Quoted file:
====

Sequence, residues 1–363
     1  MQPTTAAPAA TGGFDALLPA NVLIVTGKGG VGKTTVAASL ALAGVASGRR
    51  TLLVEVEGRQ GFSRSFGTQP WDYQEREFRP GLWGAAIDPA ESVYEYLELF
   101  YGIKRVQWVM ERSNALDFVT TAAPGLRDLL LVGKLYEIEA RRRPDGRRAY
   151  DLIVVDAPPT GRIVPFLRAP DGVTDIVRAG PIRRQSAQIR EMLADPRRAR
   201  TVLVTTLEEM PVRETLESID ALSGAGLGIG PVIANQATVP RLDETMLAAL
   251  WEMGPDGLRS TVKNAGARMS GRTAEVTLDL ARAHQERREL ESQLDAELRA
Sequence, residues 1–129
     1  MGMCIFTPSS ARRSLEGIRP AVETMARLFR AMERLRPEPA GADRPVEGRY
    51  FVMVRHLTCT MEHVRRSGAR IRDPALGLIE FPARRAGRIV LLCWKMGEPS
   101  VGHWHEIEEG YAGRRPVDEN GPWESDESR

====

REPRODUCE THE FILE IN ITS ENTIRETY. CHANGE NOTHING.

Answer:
Sequence, residues 1–363
     1  MQPTTAAPAA TGGFDALLPA NVLIVTGKGG VGKTTVAASL ALAGVASGRR
    51  TLLVEVEGRQ GFSRSFGTQP WDYQEREFRP GLWGAAIDPA ESVYEYLELF
   101  YGIKRVQWVM ERSNALDFVT TAAPGLRDLL LVGKLYEIEA RRRPDGRRAY
   151  DLIVVDAPPT GRIVPFLRAP DGVTDIVRAG PIRRQSAQIR EMLADPRRAR
   201  TVLVTTLEEM PVRETLESID ALSGAGLGIG PVIANQATVP RLDETMLAAL
   251  WEMGPDGLRS TVKNAGARMS GRTAEVTLDL ARAHQERREL ESQLDAELRA
Sequence, residues 1–129
     1  MGMCIFTPSS ARRSLEGIRP AVETMARLFR AMERLRPEPA GADRPVEGRY
    51  FVMVRHLTCT MEHVRRSGAR IRDPALGLIE FPARRAGRIV LLCWKMGEPS
   101  VGHWHEIEEG YAGRRPVDEN GPWESDESR